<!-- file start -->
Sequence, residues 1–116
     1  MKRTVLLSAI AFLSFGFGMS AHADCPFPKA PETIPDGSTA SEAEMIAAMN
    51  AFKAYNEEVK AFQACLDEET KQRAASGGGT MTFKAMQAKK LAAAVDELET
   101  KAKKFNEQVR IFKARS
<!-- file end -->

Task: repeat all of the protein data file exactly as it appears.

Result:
Sequence, residues 1–116
     1  MKRTVLLSAI AFLSFGFGMS AHADCPFPKA PETIPDGSTA SEAEMIAAMN
    51  AFKAYNEEVK AFQACLDEET KQRAASGGGT MTFKAMQAKK LAAAVDELET
   101  KAKKFNEQVR IFKARS